Virginia's Notable Career and The Bloomsbury Group
In 1905, Virginia worked for The Times Literary Supplement. Through the encouragement she received from the other members of the Bloomsbury Group, she was writing routinely and contributing regularly to London papers. This group consisted of writers and artists, intellectuals and philosophers and all holding discussions that were informal. They would meet throughout the 1900s and some of the members practiced open marriages. Other popular members included James Joyce, Ezra Pound, and T. S. Eliot.
In the early 1920s, Virginia developed a relationship with Vita Sackville-West which became the fuel for her book, Orlando: A Biography. Vita was also a member of the Bloomsbury Group. Virginia and Vita, although both married to men, also shared a long term relationship. I recommend reading Orlando for the experience of its incredible and interesting writing style--the reader is definitely pulled in.
She received good reviews for her first novel, The Voyage Out (published 1915), and everything she was writing after that earned her the shoes of one of the most popular Modernist writers, including writers like T.S. Eliot. When Virginia participated with the Bloomsbury Group, she was in a more comfortable setting because she knew her ideas and thoughts would be heard regardless of the fact that she was a woman.
The era of modernism was a movement that traveled through a period of time offering feelings of hopelessness, especially with the effects of World War I. Writers and artists alike arrived at new ways to help relate to the human experience. Writing that employed stream of consciousness became a tool to form characters and embrace written thought, e.g., the writing of James Joyce. Virginia has been credited for having also pioneered modernism. Just as the realism period was a revolt against romanticism, so too was modernism against realism.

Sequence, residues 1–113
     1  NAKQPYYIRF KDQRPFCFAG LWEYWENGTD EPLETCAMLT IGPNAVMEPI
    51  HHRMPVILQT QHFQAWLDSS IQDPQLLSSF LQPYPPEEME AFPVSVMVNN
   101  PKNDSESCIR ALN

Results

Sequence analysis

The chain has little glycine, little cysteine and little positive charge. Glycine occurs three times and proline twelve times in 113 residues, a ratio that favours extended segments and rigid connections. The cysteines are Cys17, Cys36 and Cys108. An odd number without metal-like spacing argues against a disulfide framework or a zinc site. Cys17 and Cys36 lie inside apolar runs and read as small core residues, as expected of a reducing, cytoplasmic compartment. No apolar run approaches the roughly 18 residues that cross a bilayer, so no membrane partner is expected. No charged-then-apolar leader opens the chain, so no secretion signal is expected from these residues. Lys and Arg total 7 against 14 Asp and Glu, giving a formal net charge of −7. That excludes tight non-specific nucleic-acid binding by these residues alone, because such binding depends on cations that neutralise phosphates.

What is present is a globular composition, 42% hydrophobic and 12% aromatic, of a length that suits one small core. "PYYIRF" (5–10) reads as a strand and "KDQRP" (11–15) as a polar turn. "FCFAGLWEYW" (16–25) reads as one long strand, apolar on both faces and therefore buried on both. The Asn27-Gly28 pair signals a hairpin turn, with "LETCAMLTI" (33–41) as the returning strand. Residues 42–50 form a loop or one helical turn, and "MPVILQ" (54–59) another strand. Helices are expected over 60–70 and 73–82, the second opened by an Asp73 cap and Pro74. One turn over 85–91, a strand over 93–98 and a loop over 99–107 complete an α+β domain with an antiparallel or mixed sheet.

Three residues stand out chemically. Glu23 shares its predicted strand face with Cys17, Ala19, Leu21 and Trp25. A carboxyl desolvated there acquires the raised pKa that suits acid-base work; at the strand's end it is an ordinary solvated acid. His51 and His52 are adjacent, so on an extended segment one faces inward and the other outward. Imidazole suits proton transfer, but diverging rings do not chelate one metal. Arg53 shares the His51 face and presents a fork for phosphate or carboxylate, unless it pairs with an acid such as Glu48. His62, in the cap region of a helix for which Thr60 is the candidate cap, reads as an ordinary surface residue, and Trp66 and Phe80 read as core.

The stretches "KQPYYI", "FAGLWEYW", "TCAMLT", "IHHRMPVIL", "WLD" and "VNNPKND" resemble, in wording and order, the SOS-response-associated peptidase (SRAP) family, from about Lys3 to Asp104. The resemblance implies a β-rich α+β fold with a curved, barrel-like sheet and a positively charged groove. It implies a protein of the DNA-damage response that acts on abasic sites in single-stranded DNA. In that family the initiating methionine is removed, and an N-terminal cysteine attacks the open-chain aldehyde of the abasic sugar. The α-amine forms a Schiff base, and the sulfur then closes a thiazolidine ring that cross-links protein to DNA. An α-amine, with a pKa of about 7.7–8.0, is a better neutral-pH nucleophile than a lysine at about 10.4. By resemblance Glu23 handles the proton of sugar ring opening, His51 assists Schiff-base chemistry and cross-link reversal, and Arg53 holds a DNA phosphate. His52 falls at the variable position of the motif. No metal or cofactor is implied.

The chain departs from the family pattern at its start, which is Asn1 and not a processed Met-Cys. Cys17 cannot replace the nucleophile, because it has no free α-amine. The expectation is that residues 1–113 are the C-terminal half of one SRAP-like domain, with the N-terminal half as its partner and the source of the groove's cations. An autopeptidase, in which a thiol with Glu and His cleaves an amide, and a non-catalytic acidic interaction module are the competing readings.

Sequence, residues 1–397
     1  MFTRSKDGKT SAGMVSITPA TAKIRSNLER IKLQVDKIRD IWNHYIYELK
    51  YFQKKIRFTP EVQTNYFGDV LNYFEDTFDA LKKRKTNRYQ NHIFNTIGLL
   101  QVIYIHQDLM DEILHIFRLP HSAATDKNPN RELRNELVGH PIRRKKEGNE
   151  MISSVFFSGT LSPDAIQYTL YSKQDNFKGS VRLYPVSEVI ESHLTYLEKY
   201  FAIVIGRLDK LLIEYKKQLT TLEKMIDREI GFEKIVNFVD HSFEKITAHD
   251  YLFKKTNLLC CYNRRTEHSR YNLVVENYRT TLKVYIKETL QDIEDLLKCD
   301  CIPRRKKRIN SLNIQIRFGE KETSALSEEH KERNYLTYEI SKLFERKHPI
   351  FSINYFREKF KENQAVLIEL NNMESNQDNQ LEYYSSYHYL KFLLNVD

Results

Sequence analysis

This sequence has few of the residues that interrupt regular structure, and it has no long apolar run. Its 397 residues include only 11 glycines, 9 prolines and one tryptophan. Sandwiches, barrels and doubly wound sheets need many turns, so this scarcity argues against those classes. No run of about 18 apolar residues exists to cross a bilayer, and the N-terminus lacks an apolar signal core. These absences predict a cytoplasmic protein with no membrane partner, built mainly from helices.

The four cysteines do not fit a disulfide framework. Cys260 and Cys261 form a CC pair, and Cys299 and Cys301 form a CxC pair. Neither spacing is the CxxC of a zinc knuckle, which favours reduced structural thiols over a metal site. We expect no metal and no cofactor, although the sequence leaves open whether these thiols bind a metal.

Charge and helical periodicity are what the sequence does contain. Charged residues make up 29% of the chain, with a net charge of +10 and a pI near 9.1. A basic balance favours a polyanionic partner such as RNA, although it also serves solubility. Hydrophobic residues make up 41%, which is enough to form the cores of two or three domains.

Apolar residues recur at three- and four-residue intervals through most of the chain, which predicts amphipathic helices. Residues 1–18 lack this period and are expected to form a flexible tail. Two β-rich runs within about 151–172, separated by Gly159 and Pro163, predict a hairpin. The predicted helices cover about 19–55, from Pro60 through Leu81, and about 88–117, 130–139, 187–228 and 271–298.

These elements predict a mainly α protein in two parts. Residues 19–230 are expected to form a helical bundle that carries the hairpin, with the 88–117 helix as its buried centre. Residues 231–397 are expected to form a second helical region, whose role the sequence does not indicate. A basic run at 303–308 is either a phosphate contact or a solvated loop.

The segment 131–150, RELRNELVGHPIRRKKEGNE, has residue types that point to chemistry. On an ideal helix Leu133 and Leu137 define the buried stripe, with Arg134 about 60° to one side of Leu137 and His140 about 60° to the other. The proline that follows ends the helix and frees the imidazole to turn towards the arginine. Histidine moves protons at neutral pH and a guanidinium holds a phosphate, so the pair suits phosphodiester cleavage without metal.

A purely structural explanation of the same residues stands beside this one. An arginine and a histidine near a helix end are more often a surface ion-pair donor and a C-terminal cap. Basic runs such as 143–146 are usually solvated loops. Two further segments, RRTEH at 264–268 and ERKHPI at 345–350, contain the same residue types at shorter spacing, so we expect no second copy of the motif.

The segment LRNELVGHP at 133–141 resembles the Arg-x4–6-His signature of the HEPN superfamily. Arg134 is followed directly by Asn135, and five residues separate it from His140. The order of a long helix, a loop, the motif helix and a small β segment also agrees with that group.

Depression and Death
Virginia's Between the Acts was published in 1941. She began having depression again which was fueled by the effects of World War II and her house being destroyed. Her writing was dramatically affected. As demonstrated in letters she had written, she was very much aware of her condition. She hoped to not cause anymore trouble or upsetness for her husband when she would have these spells and decided to drown herself (March 28, 1941). She had left two suicide notes for her husband. After placing heavy stones in her coat pockets, she entered the River Ouse, but her body wasn't discovered until the following month. Virginia did not want to be a burden to her husband and she was afraid that there would be that one time she would have that one mental episode and never return.
Her husband, Leonard, had her buried in the garden of their home in Sussex. Leonard completed her works. He died in 1960. Her biography was composed by her nephew, Professor Quentin Bell, entitled, Virginia Woolf: A Biography.
The news that was cabled to The New York Times in 1941 is available on that publication's website for a small cost to access the archived article.
In passing, for those who have not read or seen Who's Afraid of Virginia Woolf, it is noteworthy to know that this novel written by Edward Albee is not a biography of Virginia's life. It is true it is about a dysfunctional relationship; the title is a play on the words, "Who's Afraid of the Big Bad Wolf."
Virginia wanted to influence change for women writers who had an inferior role during the late 1800s to early 1920s in particular. She believed in equal opportunities for women and even though she didn't have the opportunity to have the education she would have wanted, she still is popular amongst her new and existing fans as a powerful writer.